Housing starts refer to the number of homes that broke ground during the month. The U.S. Census Bureau and the Department of Housing and Urban Development track starts – along with building permits and housing completions – as part of their monthly New Residential Construction report.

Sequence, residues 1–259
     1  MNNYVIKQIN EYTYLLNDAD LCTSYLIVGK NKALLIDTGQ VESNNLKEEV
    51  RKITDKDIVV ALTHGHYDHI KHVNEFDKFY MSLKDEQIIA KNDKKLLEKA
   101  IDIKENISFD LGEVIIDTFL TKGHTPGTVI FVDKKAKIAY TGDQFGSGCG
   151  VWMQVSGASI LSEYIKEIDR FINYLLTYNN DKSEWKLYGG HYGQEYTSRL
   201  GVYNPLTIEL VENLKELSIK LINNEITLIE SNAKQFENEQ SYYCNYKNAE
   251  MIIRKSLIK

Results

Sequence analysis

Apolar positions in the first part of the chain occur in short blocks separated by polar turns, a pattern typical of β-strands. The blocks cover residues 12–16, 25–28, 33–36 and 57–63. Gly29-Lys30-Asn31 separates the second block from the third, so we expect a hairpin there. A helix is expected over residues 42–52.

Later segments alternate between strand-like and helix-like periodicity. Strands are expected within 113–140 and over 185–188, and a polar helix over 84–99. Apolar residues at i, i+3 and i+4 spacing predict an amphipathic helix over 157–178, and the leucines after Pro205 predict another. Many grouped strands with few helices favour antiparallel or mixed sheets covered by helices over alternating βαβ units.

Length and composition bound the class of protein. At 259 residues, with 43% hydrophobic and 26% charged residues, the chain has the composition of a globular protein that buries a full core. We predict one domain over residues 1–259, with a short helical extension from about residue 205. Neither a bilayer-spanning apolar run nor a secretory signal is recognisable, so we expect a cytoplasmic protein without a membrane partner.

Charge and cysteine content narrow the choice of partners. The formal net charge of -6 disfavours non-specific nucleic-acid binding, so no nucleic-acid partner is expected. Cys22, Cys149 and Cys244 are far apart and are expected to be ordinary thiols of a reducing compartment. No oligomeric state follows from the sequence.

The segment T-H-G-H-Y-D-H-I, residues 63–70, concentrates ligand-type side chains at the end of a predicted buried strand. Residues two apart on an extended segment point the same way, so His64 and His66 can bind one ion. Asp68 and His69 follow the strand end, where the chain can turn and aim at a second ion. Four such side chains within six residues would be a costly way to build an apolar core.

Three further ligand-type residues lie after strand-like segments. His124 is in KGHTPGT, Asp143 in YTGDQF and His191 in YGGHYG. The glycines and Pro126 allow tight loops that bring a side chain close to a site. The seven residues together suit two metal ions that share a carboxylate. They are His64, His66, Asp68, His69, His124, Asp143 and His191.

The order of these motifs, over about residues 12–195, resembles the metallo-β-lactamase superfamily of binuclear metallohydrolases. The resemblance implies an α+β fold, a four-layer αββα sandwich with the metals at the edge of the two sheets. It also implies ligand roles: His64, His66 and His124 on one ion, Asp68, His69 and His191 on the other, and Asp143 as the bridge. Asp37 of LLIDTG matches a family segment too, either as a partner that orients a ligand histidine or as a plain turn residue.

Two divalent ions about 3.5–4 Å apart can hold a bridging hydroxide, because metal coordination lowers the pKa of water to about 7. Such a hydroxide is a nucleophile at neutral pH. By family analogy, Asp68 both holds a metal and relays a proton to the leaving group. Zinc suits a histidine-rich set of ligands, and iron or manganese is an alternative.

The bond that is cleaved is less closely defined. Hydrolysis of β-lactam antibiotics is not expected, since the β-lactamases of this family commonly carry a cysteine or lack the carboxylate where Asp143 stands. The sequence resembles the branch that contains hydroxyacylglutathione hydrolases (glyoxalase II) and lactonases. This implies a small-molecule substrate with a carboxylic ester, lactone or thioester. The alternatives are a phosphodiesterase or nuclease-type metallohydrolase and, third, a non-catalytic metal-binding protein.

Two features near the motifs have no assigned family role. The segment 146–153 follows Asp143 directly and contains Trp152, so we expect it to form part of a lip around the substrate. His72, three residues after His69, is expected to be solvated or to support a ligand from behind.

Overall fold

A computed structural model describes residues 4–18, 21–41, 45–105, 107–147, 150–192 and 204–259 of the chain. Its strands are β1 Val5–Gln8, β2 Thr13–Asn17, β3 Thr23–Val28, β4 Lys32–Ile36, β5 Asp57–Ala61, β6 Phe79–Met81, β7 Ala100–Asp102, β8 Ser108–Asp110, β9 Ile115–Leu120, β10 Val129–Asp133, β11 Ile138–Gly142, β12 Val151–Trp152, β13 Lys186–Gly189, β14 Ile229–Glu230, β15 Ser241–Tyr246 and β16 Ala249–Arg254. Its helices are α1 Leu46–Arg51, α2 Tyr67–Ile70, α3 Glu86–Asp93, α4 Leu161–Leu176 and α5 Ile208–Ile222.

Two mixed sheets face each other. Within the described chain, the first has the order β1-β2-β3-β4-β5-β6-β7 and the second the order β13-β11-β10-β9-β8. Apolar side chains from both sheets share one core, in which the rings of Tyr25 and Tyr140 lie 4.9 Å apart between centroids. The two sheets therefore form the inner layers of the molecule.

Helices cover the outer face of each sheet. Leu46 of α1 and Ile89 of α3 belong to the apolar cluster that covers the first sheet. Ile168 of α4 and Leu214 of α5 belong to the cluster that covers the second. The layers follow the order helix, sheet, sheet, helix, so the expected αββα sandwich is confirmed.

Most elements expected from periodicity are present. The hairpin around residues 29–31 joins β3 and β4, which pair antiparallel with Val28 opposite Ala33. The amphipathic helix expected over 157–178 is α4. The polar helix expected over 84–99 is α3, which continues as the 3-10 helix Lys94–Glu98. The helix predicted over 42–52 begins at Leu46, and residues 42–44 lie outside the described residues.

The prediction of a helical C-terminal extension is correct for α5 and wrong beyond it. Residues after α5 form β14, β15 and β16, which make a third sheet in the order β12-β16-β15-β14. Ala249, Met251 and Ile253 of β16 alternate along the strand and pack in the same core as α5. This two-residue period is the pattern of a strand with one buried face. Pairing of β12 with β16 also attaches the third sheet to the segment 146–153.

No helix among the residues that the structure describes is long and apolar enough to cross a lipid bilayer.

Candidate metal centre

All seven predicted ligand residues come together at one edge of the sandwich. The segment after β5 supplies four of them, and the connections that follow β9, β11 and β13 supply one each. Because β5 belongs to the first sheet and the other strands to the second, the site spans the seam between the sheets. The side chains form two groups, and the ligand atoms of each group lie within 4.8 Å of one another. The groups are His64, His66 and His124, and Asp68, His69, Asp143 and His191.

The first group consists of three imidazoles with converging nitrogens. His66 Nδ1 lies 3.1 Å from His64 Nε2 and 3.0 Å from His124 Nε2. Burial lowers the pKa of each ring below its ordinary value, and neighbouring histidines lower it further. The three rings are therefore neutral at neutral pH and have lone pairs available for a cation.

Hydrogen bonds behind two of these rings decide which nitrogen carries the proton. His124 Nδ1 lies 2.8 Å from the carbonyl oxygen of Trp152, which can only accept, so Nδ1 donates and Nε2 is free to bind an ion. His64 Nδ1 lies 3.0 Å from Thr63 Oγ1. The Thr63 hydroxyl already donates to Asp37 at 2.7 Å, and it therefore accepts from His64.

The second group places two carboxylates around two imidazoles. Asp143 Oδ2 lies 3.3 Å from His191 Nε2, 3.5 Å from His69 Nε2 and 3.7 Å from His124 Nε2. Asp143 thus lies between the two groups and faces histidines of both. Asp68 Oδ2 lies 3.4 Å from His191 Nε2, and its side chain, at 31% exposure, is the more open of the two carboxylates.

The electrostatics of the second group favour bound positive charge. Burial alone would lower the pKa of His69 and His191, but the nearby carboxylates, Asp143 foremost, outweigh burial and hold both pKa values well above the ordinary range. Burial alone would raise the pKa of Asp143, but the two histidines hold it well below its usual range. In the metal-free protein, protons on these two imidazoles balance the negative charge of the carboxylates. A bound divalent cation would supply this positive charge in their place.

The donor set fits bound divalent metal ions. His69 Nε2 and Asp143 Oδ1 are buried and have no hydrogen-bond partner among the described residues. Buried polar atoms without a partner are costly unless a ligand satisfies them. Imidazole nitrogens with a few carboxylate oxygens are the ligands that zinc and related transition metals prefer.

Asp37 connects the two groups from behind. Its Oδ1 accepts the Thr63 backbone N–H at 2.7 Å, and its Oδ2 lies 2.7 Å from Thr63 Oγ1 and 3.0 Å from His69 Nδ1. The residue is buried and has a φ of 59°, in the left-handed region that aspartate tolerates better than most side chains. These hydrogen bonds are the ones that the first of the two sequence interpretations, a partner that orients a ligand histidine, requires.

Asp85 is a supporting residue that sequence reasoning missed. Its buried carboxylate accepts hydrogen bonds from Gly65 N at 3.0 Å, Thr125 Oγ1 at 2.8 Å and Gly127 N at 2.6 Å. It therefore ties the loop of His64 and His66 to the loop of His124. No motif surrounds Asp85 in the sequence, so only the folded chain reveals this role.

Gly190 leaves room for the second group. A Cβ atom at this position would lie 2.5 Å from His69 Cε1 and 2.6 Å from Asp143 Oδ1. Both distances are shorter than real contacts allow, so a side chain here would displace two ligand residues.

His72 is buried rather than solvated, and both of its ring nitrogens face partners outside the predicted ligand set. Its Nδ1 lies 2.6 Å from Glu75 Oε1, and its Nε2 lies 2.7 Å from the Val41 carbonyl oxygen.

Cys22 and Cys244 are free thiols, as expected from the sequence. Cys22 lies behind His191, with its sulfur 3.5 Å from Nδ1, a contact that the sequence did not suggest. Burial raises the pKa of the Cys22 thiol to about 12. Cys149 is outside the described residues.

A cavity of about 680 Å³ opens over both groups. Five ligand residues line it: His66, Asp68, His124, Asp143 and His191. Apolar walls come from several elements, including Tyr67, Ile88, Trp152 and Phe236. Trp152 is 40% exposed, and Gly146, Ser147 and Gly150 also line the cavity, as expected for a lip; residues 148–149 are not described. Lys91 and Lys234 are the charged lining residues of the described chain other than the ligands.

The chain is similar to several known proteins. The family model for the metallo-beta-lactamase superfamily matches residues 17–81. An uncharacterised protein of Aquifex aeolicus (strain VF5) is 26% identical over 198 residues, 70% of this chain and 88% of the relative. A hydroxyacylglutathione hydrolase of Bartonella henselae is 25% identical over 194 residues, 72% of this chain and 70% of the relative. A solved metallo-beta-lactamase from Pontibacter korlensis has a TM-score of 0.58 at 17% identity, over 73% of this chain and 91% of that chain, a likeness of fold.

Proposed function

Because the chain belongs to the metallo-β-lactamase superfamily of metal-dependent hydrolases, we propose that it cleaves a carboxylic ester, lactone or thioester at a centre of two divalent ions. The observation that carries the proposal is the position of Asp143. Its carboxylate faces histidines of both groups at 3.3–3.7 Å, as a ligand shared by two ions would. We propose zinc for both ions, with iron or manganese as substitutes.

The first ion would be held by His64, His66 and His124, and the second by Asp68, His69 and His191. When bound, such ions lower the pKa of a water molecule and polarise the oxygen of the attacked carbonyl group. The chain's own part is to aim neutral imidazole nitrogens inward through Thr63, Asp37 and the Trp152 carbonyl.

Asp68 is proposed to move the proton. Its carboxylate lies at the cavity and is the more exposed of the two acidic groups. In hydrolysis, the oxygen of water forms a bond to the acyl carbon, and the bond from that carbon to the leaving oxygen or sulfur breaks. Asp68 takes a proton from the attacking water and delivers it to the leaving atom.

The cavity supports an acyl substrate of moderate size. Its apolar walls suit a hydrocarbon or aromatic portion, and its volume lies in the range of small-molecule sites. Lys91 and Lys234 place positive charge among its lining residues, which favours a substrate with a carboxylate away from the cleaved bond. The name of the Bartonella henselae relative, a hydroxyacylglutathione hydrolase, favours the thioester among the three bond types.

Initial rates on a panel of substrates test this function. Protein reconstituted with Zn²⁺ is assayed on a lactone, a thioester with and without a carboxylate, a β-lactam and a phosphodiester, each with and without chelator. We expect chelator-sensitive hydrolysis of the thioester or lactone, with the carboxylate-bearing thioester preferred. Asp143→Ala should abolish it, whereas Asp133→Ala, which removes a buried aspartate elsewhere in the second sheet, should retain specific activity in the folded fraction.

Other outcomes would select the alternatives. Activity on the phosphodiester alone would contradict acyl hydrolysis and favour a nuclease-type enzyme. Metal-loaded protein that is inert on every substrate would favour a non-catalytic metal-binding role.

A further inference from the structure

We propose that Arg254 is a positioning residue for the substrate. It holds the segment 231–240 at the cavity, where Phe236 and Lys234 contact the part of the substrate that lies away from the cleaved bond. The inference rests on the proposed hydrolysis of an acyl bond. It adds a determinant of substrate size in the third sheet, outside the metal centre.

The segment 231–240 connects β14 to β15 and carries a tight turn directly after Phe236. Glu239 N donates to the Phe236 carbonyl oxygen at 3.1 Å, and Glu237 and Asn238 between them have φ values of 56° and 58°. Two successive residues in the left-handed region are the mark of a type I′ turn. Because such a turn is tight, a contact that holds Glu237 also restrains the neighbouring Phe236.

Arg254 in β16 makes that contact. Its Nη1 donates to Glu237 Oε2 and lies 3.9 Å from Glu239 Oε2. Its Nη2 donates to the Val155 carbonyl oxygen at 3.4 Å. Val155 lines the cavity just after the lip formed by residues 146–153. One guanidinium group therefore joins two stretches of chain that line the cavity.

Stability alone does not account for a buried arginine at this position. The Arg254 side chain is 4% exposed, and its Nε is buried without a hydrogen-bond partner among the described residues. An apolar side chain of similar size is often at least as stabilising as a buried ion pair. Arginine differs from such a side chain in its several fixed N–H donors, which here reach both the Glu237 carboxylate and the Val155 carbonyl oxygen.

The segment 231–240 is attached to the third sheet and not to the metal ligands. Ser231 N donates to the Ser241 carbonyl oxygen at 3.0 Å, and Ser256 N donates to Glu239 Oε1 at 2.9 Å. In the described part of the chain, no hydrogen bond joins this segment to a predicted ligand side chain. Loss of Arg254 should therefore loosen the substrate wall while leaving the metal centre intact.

According to the most recent release, privately-owned housing starts were virtually unchanged in May from one month earlier. However, regional results show the number of single-family homes that broke ground in the South, West, and Northeast actually increased over the month before. In fact, home construction spiked 12.7 percent in the Northeast alone. But overall results suffered, despite solid gains elsewhere, due to a nearly 15 percent drop in the Midwest. Still, analysts point to the fact that authorized building permits increased and home builders are feeling more confident as evidence that, despite not gaining ground in May, residential construction is still poised for continued gains. And a closer look at the numbers reveals that both housing starts and building permits are, in fact, about 10 percent higher than they were last year. New residential construction is an important indicator for the housing market because, as more new homes are built, the total number of homes available for sale increases which helps moderate prices, balance the market, and provide more choices for buyers. More here.